The nervous system directly stimulates endocrine glands to release hormones, which is referred to as neural stimuli. Hormones can also affect the nervous system; for example, mood swings are seen due to low estrogen level during menstruation.
The nervous system sends signals to the endocrine system for production and release of hormones such as during emergency conditions. The neural stimuli are sent to the adrenal glands that release epinephrine and norepinephrine. Similarly, blood glucose levels can increase during stress by sending a neural impulse to the pancreas to increase the production of glucagon. This increases blood sugar levels.
Similarly, when the level of luteinizing hormone is reduced in the body, commonly seen during menstruation, the signals are sent to the brain that causes bad mood or mood swings. Hormone such as dopamine also acts as neurotransmitter so can affect nerve impulse transmission.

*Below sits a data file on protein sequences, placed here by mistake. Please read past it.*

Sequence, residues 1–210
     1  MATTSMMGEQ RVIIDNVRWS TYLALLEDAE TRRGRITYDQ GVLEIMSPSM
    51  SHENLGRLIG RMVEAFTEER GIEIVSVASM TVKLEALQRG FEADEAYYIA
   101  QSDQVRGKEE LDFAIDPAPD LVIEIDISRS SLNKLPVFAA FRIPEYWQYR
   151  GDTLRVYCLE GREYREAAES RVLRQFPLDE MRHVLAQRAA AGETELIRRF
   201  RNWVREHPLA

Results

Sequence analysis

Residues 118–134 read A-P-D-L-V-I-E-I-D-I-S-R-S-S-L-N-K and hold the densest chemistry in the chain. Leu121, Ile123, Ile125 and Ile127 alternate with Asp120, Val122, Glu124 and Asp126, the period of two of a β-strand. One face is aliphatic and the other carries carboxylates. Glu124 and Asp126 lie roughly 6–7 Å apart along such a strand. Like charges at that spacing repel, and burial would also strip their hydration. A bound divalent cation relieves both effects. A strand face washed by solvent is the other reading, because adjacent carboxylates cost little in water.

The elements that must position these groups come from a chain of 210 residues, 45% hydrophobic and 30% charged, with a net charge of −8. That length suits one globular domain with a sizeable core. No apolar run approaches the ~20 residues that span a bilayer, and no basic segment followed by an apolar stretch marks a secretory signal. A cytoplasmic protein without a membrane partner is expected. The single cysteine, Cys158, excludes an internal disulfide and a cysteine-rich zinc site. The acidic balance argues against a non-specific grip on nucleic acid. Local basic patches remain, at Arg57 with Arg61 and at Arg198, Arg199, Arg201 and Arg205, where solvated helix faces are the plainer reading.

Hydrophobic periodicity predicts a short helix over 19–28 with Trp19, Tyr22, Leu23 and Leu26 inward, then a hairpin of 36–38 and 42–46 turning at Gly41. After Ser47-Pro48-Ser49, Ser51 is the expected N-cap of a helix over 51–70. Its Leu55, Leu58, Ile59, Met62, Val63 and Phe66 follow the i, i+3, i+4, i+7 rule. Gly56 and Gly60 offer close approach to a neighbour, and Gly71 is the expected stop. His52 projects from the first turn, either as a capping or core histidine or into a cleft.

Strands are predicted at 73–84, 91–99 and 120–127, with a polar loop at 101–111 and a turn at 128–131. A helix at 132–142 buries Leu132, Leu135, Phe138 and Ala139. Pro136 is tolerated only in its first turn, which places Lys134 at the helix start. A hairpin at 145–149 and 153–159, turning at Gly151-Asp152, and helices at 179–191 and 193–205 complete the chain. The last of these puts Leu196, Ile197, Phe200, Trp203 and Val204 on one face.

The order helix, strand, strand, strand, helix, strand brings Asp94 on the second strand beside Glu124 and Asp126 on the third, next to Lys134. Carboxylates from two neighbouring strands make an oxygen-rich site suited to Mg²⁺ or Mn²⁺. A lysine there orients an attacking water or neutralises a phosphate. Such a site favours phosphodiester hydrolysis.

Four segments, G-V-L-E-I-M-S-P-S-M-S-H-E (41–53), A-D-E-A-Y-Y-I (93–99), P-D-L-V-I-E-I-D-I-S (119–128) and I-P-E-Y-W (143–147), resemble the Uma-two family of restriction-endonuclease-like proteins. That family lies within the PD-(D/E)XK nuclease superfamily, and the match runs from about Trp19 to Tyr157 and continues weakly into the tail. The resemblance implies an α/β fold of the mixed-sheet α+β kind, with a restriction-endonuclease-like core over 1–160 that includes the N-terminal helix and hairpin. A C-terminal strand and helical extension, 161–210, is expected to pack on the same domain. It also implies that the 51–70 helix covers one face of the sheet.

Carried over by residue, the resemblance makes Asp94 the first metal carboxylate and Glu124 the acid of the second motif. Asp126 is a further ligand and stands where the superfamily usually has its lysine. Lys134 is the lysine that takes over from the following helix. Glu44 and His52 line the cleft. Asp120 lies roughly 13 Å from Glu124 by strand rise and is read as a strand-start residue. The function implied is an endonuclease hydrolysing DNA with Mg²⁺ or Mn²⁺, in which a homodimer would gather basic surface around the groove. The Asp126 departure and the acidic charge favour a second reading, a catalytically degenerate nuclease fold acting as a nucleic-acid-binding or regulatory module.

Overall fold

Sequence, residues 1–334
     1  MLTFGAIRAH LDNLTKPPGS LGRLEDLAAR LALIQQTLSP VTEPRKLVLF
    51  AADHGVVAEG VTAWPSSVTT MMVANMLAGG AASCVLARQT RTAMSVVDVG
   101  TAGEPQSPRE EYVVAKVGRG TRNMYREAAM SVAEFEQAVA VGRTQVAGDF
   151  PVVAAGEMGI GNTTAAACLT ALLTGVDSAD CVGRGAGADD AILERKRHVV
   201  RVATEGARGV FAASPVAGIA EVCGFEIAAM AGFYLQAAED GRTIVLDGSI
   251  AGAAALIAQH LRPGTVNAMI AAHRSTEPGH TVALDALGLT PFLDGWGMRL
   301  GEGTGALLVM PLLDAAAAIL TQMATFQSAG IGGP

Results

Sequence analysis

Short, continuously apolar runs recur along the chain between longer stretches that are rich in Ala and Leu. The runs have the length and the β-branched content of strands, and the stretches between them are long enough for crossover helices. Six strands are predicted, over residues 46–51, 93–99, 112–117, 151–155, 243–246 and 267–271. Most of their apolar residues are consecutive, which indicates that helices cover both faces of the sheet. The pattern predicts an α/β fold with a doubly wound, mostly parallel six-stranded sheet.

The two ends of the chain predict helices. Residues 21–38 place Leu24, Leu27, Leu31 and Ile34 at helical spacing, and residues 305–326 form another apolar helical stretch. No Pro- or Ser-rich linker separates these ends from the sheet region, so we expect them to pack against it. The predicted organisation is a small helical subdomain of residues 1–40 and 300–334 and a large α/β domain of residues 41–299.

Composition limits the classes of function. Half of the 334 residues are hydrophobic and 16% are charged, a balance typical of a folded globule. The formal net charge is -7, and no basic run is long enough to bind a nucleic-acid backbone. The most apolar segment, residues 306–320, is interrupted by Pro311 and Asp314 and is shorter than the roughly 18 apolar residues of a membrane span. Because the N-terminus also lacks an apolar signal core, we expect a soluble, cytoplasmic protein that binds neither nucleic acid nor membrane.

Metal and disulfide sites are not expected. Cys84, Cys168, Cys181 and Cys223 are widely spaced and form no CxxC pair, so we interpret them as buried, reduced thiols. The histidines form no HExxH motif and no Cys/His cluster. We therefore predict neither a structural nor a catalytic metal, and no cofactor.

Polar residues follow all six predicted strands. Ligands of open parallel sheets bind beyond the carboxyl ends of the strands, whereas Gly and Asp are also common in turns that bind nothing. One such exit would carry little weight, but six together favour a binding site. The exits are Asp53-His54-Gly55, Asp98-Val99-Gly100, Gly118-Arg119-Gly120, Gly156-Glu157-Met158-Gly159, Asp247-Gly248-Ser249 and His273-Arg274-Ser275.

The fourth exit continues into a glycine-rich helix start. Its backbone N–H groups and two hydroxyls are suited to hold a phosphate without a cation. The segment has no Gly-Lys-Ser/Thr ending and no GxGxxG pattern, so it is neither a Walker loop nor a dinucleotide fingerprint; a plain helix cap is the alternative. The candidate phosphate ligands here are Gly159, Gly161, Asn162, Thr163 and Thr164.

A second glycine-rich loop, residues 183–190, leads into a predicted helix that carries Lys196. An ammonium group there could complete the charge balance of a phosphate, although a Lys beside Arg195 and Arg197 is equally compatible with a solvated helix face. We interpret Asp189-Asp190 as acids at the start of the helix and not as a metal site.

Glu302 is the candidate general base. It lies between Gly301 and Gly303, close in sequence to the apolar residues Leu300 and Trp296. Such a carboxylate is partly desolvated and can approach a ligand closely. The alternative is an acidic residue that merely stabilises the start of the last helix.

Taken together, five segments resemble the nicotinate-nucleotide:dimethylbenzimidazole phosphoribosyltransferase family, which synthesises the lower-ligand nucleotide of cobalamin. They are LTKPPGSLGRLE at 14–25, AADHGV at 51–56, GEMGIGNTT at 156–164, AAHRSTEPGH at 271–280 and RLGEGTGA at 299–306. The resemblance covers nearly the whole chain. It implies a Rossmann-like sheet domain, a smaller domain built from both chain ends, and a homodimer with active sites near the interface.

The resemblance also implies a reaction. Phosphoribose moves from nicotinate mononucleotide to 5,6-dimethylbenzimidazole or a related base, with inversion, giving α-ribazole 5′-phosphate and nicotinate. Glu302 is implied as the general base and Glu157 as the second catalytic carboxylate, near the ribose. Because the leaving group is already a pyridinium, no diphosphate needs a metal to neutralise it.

• The nervous system can regulate the secretion of enzymes from the endocrine gland by sending neural stimuli.
• The endocrine system and hormone levels in the blood can affect the nervous system.
• Some molecules like dopamine act both as a neurotransmitter and hormone.
dopamine: it is a neurohormone produced from the hypothalamus that can act as hormone as well as a neurotransmitter
neurotransmitter: chemicals which transmit signals across a chemical synapse from one neuron to another organ
epinephrine: (adrenaline) an amino acid-derived hormone secreted by the adrenal gland in response to stress
adrenal glands: glands located above the kidneys that secrete adrenaline
glucagon: a hormone secreted by the pancreas to cause cells to release glucose into the blood